Bridgetown, Barbados, May 17, 2012- An important step forward has been taken in the protection of the endangered San Salvador iguana. The new San Salvador Iguana Conservation Centre was opened recently at the Gerace Research Centre on San Salvador Island in the southern Bahamas, with assistance from CIBC FirstCaribbean.
The Centre will breed and raise the local iguanas until they are large enough to be safely released in selected areas around the island. At present, only about 500 of these iguanas cling to a precarious existence on tiny offshore cays and small islets in the inland lake.
The project sponsor was Seacology, which recently entered into a partnership with CIBC FirstCaribbean to conduct three environmental projects, of which this is the first to be launched.
Seacology, a non-profit organization based in California, decided to become involved in the project as it falls in line with their mission of saving endangered species, habitats and cultures of islands throughout the world. Already their efforts have resulted in more than 1.6 million acres of critical habitat being preserved around the world.
This is their first project in The Bahamas, but a second in Abaco is already underway. Executive Director Duane Silverstein, who attended the opening says, “It has been said that the sin for which future generations will least forgive us is extinction of species. Seacology is proud to do its part to keep the San Salvador iguana from vanishing from the face of the earth.”
For CIBC FirstCaribbean, support of this project is “further tangible evidence of our commitment to its communities, a promise made back in 2002 when the Bank was formed,” says Marketing Manager in The Bahamas, Andrea Myers-Tanguay.
The main iguana exhibition and breeding pen is now complete and ready for visitors, along with an information kiosk. Four females and two lucky males are currently residing in the exhibition and breeding pen.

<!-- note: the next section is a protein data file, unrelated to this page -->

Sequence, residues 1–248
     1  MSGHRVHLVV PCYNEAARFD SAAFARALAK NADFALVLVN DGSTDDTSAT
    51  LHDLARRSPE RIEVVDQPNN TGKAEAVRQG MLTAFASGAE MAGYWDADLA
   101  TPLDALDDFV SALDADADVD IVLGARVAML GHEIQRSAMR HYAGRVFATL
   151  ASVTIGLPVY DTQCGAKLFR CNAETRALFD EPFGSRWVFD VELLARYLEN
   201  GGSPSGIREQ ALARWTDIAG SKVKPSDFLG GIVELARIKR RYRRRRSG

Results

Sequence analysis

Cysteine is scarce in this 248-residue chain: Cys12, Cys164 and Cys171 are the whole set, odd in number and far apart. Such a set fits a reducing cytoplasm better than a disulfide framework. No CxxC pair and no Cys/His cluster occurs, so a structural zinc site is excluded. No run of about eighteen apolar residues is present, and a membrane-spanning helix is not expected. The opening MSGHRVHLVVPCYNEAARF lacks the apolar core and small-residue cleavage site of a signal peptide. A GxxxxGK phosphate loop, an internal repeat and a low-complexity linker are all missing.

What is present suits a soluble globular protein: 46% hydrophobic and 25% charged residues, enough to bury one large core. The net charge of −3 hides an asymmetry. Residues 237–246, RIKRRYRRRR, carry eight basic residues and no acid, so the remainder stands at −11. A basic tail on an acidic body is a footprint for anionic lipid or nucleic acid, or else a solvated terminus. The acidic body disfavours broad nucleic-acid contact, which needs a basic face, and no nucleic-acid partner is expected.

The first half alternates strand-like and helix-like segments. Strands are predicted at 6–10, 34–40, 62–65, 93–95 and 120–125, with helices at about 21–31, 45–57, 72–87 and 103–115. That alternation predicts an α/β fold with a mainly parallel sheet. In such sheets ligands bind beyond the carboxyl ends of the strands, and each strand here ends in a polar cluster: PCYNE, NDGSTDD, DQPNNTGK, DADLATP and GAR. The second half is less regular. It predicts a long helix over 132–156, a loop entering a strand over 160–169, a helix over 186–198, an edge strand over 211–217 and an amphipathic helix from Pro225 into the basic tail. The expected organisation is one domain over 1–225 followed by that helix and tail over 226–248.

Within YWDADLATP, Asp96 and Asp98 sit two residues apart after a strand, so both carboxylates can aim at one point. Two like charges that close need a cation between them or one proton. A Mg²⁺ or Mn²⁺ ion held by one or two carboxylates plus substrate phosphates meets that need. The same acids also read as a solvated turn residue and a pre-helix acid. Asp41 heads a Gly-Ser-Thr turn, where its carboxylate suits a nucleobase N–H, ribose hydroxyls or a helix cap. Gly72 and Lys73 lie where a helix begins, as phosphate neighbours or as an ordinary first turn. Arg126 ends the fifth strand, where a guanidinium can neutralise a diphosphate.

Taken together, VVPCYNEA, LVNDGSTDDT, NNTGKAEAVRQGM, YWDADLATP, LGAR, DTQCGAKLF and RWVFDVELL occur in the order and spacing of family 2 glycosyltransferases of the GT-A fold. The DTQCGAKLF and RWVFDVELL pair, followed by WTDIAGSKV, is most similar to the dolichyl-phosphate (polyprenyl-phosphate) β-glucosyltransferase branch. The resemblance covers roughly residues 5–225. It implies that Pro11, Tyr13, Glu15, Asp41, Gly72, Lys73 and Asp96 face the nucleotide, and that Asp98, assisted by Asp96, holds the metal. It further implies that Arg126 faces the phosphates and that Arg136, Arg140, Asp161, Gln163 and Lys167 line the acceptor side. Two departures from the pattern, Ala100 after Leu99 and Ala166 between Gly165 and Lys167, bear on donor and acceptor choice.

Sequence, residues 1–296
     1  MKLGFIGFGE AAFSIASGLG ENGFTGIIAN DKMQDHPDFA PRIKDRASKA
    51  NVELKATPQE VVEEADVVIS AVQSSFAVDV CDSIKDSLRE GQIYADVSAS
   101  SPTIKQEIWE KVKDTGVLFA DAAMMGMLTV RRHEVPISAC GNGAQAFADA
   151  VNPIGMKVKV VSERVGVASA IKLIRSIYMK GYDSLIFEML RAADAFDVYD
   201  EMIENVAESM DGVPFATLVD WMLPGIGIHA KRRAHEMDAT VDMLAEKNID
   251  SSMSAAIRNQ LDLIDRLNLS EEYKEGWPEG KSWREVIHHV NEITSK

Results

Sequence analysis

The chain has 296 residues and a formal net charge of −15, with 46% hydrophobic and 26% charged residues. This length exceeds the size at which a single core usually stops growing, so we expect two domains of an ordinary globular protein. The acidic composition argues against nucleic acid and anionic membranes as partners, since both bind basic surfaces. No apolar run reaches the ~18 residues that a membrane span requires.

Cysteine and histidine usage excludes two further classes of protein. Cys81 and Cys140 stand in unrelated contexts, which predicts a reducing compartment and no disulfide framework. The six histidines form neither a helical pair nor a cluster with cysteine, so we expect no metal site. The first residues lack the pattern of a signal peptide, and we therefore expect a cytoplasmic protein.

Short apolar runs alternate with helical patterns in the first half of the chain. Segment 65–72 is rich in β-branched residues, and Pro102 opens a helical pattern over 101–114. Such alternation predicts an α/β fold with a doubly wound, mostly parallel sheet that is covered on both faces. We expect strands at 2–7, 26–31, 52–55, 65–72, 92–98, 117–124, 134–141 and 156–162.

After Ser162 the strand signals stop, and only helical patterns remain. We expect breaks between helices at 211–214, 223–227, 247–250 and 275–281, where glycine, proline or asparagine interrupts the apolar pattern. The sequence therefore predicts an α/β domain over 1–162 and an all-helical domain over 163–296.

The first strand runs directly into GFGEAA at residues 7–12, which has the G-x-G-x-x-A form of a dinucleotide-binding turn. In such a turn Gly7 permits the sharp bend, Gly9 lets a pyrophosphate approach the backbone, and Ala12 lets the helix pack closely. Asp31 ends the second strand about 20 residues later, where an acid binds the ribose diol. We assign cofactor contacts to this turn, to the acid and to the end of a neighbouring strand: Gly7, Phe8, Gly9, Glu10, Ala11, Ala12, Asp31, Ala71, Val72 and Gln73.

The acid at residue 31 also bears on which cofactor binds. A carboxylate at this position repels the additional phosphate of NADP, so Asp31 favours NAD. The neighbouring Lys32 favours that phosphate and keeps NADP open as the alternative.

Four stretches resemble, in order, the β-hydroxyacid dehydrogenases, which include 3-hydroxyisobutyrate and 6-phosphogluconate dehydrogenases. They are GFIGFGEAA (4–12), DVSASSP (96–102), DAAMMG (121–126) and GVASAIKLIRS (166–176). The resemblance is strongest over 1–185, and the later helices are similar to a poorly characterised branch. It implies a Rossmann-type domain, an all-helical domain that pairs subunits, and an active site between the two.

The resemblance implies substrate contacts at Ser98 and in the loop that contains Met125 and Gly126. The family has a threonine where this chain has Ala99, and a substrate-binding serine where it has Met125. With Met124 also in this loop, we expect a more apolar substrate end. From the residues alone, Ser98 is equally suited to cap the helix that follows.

Professor of Biology Dr. William Hayes was, “absolutely amazed at how well adjusted the animals are. They nonchalantly explore their new home, watch us humans with curiosity, and eagerly consume the food provided.” He explains how those animals were chosen for the project, “We selected animals from a single location on Green Cay so that they would be familiar with each other and adjust well socially.
They should thrive in their new home as ambassadors for their kind. The females have ovulated, and if not pregnant already, they soon should become so. The main goal of the program is to raise juvenile iguanas to a size large enough where they can fare well upon release to the wild, thereby supplementing the natural population. We foresee this population increasing substantially in the years to come as the result of this new facility, thereby ensuring their survival for future generations of humans to enjoy.”
Of further interest to funders CIBC FirstCaribbean and Seacology was the partnership the project created between science and local conservation. San Salvador Living Jewels is working with the Bahamas National Trust to submit a proposal for a new National Park focusing protecting iguana and sea bird nesting habitat as well as an extensive tidal creek area, which acts as a nursery for a number of important species.
Lindsey McCoy, Bahamas field representative for Seacology says, “It is the hope of all of us working together on this project that it will lead to the declaration of a much needed new national park on and around San Salvador.”
The two other projects to be undertaken jointly between Seacology and CIBC FirstCaribbean are the protection of the Sea Turtle nesting site in St. Kitts and preserving the critical mangrove forests of Grenada. The agreement between the two organizations runs for a period of three years.